Snowfall raises hopes of good apple harvest in Himachal

January 7th, 2009 - 12:01 pm ICT by IANS  

Shimla, Jan 7 (IANS) Farmers and horticulture experts are hoping that the light to moderate snowfall in the mid hills of Himachal Pradesh during the past few days after a long dry spell would ensure a good apple harvest this year too. “The onset of the snowfall season in the apple-growing belt would prove to be a boon for farmers. It will not only stimulate the normal cropping pattern but also advance the flowering season of apples,” P.S. Chauhan, a horticulture expert at the Solan-based Y.S. Parmar University of Horticulture and Forestry, told IANS Wednesday.

“The state experienced a long dry spell for almost 100 days, which had affected not only the fruit crop in the mid-hills but also the vegetable and wheat crop in the lower-hills,” he said.

The upper areas of Shimla, Kullu and Mandi districts have been receiving regular snowfall since Jan 4.

“The apple crop requires 1,000 to 1,600 hours of chilling with the temperature at 7 degrees Celsius or less. The recent snow has brought down the temperatures considerably and has increased moisture content in the soil, which is favourable for apple crop,” Chauhan said.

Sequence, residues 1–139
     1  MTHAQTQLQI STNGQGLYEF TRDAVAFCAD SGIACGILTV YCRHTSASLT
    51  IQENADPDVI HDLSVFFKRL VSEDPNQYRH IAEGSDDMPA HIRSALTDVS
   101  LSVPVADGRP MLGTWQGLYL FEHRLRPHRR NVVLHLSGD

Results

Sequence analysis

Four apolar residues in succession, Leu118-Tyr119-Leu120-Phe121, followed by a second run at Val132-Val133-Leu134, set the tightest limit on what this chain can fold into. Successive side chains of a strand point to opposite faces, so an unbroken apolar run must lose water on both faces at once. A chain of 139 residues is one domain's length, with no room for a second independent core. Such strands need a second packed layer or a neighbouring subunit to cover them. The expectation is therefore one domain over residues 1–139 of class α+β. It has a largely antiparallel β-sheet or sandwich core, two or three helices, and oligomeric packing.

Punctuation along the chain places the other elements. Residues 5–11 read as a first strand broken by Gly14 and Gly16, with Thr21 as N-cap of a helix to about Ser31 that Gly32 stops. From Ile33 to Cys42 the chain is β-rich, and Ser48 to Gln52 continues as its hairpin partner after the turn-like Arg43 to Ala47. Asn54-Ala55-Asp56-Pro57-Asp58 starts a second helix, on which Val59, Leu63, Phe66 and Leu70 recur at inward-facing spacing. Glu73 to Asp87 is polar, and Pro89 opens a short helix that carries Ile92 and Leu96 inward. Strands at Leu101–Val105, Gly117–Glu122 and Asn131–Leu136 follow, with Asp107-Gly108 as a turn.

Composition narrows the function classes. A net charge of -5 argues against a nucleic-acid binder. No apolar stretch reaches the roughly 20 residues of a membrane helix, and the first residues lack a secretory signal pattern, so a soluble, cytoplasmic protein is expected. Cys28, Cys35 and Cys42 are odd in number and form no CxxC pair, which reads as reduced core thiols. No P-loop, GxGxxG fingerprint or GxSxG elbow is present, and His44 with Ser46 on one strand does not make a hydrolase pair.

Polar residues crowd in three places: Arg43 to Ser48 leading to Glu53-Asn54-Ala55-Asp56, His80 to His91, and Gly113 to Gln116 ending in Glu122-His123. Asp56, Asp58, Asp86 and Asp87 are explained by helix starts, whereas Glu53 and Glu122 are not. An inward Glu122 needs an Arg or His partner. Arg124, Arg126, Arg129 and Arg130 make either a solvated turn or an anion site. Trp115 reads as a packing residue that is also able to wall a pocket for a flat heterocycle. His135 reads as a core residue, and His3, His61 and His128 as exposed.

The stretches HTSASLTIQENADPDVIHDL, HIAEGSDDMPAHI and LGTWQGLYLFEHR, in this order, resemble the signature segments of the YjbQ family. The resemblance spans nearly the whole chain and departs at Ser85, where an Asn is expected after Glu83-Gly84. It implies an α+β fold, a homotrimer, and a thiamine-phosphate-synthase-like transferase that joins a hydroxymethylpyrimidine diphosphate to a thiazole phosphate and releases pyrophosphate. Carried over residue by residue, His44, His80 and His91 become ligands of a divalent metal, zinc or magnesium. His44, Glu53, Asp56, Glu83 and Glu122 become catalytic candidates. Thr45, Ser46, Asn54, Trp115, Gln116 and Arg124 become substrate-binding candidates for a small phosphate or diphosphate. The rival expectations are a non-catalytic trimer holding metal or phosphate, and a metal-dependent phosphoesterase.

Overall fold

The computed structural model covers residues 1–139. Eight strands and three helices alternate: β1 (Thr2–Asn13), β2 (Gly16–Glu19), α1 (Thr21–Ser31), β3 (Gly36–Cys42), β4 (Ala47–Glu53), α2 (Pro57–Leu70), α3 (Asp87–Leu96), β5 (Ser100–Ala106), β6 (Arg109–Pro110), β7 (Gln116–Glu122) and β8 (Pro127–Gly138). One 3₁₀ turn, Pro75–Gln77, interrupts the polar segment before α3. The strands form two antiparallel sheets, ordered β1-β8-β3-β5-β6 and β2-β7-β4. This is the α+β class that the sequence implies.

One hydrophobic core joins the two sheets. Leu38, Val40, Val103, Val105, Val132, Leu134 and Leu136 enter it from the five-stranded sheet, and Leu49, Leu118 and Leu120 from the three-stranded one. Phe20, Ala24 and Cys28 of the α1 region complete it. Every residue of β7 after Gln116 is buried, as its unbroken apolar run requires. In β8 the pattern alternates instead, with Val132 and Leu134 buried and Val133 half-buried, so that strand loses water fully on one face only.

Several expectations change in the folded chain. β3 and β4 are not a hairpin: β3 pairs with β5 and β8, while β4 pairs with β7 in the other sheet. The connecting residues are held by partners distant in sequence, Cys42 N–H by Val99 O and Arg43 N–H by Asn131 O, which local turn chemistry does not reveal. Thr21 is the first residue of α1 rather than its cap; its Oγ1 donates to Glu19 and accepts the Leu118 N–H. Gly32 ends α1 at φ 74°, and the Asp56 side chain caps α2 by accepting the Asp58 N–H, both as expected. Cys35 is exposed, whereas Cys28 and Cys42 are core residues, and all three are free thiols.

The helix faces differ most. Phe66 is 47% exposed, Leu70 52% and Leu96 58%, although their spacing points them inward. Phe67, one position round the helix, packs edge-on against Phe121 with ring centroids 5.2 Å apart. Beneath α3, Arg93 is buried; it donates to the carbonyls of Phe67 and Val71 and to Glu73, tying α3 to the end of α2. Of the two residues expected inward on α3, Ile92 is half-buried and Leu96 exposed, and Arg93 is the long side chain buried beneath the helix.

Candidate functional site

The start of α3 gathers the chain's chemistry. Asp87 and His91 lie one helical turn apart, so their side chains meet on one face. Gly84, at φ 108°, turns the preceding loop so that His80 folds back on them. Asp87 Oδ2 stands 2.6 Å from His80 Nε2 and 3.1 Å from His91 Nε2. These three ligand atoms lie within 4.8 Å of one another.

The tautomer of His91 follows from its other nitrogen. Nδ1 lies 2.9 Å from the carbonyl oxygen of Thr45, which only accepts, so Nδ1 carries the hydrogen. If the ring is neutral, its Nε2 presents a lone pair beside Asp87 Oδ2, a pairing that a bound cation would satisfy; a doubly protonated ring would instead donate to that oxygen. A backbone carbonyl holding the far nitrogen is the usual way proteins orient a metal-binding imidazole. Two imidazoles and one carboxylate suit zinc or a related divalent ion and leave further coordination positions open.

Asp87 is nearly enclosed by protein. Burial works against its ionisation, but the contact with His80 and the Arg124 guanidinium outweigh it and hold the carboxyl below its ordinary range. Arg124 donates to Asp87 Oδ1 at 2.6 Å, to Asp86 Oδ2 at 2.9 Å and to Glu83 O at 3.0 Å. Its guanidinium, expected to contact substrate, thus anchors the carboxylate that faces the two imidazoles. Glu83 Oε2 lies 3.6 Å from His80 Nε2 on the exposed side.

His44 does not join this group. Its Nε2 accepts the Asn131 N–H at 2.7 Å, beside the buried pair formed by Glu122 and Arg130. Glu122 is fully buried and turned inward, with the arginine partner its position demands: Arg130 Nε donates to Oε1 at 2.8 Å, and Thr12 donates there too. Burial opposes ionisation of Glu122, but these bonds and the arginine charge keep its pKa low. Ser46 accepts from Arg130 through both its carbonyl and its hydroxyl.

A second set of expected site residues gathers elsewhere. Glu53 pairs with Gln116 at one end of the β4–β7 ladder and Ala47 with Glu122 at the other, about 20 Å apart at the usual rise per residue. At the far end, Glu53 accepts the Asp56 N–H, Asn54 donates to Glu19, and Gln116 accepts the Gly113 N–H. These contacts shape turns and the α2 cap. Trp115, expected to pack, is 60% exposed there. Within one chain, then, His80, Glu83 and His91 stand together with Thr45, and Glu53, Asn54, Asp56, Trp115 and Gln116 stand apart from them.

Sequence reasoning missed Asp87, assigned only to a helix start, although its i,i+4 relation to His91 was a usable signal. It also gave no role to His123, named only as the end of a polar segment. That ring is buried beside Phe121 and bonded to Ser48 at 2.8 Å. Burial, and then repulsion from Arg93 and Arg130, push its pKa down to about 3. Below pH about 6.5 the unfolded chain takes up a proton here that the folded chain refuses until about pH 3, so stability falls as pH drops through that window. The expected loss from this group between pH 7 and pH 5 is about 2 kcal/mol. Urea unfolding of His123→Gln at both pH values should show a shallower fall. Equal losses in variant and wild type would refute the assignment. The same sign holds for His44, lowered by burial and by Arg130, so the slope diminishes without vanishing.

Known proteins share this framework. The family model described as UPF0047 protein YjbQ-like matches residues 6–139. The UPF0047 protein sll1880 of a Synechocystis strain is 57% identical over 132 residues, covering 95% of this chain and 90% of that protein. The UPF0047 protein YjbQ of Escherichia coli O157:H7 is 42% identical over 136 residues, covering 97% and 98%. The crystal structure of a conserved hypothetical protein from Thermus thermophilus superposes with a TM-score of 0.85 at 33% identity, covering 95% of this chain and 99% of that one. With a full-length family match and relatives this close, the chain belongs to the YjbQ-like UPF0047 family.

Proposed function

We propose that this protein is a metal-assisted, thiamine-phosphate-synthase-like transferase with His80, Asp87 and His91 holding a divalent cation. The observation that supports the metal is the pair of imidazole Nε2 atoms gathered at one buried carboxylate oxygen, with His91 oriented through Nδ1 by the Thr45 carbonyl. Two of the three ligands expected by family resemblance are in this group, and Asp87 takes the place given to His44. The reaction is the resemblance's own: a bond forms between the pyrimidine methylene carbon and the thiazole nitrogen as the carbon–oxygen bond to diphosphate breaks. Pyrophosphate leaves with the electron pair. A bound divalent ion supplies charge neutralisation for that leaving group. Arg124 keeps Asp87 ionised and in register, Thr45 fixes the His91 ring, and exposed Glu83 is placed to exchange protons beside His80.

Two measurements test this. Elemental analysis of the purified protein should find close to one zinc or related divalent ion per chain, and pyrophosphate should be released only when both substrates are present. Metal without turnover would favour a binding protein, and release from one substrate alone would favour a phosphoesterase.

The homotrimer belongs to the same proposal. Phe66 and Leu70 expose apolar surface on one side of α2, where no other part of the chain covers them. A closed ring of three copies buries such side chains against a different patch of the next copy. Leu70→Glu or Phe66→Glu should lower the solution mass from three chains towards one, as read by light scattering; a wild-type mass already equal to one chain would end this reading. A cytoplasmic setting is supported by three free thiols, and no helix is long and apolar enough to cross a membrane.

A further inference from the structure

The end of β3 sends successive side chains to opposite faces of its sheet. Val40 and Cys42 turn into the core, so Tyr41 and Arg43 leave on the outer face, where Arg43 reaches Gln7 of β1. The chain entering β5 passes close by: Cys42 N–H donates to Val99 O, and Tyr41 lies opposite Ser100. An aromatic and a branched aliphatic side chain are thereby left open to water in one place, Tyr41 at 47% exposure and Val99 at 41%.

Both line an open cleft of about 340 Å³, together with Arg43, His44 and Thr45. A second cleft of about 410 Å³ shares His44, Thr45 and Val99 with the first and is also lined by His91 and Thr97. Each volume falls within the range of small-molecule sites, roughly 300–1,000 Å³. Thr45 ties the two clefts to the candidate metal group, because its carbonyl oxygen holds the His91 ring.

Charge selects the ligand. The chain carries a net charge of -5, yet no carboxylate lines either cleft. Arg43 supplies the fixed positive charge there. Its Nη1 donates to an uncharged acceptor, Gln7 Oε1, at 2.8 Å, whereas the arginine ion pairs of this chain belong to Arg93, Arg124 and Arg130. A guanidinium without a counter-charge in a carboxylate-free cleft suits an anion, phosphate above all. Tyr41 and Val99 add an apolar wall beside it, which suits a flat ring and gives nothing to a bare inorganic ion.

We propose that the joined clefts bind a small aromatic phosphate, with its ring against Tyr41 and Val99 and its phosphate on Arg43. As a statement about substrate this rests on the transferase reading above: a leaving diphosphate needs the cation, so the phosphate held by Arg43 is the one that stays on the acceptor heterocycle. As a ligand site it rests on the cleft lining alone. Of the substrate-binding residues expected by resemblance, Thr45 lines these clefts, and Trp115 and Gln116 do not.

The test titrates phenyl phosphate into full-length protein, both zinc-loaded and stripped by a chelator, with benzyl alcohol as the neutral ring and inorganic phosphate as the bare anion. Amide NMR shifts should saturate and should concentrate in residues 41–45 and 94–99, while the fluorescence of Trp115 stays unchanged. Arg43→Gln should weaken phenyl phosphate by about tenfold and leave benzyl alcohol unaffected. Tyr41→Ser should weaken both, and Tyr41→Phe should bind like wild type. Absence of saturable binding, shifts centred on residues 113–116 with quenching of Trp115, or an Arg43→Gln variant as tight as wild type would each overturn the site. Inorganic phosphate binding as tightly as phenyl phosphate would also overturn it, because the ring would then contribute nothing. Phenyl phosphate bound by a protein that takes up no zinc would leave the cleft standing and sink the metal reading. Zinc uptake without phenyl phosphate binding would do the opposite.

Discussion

Horticulture director Gurdev Singh said the recent snowfall would benefit all fruit-bearing crops.

“This is the time when apple, cherry and kiwi crops need proper chilly conditions and adequate moisture content,” he said.

Last year, the total apple yield in Himachal Pradesh - known as the fruit bowl of the country - was 2.46 crore (nearly 25 million) boxes, which is quite good, Singh added.

“It’s too early to predict this year’s apple yield, but I can say the onset of the snowfall season is good for the proper nourishment of the plants,” he said.

Varinder Sharma, an apple farmer from Oddi village in Shimla district, said the snowfall had raised the hopes of a good crop yield.

“Apple plants were in desperate need of snowfall because of a long dry spell. Of course, snow is considered as white manure in apple orchards,” he said.

Said Neeraj Negi, an apple-grower from a village in Kullu district: “The weather gods have obliged us with snowfall just in time. A good spell of snow in January ensures a good crop. Over the past few years, erratic and inadequate snowfall has been affecting apple production.”

Horticulture director Singh said the snowfall was also good for the kiwi and cherry crops.

“Kiwi cultivation is taking roots in the higher reaches of the state. More than 200 farmers have taken up kiwi cultivation in Kullu alone,” he said.

Apple is the main fruit crop of Himachal Pradesh and is being grown in nine out of 12 districts. Apple accounts for about 40 percent of the total area under all fruit crop cultivation.

More than 200,000 families in the state are engaged in apple cultivation and 90 percent of them are small and marginal farmers with an average holding of less than 0.6 hectares.

Besides apples, other fruits like pears, peaches, cherries and plums are the major commercial crops of Himachal Pradesh.

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